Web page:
Elder Ephraim of Arizona

Born in Volos, Greece in 1927 on the eve of the nativity of St John the Baptist, Elder Ephraim was given the name Ioannis and raised with a deep love for God. At the age of nineteen with nothing more than his mother’s blessing he left home for the Holy Mountain.

Upon his arrival at Mt Athos, St John the Baptist appeared to Elder Joseph the Hesychast informing him that he was entrusting him with a lamb called little Ioannis. He remained in Elder Joseph’s care for twelve years.

Ephraim followed a stricter ascetical life than other monks and unconditional obedience, as the elder knew that after his repose Ephraim would have to render obedience to Christ himself for what awaited him.

In 1973 Ephraim was chosen to become abbot of the Holy Monastery of Philotheou. His quick revival of the spiritual life in this monastery attracted many new novices like bees to a beehive. This success was swiftly noticed by the Council of Mount Athos, which was looking for gifted elders to revive some of the other monasteries on the Holy Mountain.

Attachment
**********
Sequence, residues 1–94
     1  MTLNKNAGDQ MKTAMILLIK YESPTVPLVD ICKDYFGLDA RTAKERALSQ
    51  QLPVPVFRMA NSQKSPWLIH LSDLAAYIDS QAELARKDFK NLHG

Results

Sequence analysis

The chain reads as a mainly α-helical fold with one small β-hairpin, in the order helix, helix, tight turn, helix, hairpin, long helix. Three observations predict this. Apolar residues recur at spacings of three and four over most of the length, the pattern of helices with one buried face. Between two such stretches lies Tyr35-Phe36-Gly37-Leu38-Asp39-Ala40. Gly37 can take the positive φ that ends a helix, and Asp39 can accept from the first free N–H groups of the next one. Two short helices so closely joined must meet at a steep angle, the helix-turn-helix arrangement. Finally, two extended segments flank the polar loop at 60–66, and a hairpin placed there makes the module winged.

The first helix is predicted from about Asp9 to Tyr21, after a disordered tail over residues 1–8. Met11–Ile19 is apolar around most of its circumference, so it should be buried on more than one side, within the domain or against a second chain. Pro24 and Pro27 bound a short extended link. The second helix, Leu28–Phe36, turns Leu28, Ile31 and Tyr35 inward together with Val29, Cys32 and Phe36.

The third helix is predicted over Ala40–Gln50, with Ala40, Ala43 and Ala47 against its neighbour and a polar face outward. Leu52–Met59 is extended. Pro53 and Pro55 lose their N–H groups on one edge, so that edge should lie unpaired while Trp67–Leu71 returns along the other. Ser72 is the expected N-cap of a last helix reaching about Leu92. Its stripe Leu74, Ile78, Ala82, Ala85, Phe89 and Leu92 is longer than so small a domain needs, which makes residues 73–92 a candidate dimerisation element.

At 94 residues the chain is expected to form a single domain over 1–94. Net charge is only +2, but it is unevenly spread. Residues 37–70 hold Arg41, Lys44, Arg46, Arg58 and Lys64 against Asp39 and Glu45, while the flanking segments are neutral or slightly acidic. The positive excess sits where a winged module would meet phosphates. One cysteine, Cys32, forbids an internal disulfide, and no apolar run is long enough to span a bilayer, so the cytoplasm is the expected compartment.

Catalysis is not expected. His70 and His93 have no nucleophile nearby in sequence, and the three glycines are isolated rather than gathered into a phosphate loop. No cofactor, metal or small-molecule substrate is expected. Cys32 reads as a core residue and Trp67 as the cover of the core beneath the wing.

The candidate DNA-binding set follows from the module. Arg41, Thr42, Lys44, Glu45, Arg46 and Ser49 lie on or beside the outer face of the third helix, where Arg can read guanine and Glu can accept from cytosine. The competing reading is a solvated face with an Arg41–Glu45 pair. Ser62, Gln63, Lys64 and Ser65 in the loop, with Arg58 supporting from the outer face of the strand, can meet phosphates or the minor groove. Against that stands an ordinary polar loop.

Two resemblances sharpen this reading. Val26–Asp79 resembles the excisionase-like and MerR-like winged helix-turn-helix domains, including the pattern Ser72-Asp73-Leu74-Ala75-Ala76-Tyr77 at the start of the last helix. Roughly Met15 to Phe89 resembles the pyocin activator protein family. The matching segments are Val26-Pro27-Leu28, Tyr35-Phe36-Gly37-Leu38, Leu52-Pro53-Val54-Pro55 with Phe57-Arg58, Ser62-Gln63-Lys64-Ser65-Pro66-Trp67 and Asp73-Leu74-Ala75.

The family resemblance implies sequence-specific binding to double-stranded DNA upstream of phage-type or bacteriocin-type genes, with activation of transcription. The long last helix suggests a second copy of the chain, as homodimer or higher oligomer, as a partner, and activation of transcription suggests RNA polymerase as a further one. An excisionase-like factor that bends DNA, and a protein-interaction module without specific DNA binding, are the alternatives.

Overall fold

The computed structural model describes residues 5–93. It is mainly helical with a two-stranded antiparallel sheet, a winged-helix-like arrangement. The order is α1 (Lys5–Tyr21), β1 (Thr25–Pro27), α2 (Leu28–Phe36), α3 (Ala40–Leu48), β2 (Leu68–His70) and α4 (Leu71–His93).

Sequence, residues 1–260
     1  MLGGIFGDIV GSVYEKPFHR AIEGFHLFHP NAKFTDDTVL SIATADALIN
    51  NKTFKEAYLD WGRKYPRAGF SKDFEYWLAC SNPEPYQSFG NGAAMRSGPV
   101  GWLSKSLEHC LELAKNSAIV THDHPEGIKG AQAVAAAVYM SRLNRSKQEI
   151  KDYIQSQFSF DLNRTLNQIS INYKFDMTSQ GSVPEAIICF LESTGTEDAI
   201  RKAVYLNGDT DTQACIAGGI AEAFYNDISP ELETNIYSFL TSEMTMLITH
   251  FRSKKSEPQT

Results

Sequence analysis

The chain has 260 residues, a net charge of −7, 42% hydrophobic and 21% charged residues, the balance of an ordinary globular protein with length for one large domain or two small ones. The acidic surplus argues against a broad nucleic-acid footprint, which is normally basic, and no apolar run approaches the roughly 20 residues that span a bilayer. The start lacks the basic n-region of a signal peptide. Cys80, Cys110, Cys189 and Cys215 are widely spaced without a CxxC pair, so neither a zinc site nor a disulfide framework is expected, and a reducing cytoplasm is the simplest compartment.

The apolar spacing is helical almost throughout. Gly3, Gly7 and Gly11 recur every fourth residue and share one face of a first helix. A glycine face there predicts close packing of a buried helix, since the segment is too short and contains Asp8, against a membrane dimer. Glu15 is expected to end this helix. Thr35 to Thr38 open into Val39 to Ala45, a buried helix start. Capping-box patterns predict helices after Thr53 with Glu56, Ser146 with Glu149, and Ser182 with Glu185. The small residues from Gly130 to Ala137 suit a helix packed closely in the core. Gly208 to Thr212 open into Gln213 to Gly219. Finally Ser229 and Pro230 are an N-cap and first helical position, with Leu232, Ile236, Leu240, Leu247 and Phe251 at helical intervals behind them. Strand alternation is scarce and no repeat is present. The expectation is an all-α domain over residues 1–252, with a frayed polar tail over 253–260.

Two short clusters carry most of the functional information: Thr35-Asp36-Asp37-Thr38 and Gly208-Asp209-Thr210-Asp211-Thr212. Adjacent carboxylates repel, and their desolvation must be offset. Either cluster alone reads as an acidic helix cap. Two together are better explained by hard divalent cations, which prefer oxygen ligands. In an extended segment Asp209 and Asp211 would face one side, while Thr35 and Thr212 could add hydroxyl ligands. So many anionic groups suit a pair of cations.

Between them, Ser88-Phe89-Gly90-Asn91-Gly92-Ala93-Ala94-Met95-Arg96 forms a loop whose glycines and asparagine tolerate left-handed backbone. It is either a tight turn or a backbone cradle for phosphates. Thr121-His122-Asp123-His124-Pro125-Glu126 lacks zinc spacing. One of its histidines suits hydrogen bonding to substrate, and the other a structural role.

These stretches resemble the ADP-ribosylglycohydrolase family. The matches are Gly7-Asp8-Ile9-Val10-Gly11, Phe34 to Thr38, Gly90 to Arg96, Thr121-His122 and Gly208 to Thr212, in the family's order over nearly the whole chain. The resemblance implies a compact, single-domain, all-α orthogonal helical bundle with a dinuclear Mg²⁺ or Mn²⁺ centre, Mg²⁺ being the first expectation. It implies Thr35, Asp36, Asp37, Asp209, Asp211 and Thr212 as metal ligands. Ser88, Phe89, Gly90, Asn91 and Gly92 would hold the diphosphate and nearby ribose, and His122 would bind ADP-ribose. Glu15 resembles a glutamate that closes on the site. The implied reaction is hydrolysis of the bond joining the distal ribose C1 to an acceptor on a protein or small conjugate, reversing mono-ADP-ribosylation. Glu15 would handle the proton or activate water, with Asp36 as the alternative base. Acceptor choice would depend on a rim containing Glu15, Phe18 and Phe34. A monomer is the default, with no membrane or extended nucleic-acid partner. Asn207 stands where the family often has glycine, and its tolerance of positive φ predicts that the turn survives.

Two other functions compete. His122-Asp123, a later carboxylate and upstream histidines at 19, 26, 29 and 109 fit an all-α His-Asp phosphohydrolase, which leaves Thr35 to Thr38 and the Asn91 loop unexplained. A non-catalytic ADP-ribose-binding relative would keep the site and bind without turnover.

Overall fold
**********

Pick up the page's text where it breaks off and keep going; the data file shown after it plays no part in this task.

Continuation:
Like the good and faithful servant in the parable of the talents, the elder was vouchsafed several more monasteries to re-ignite their spiritual life and enlarge them. This gift would prove to be his greatest virtue.

In 1979 the elder was forced to travel to Canada for health reasons. His stay there moved him with compassion for the Christians of the new world who had strayed away from the essence of our faith. He would return to Canada and the US for up to two months every year until he decided to permanently move there in the late 1980s.

Taking the sacred heritage of Mount Athos with him, Elder Ephraim established eighteen monasteries across the US and Canada within fifteen years. He chose the desert of Arizona as his residence where he built his finest monastery dedicated to St Anthony the Great. From there, this spiritual giant of our times guided over thirty monasteries and several sketes, as well as thousands of spiritual children across the world. He reposed on December 7 2019.


Source: Lychnos April-May 2020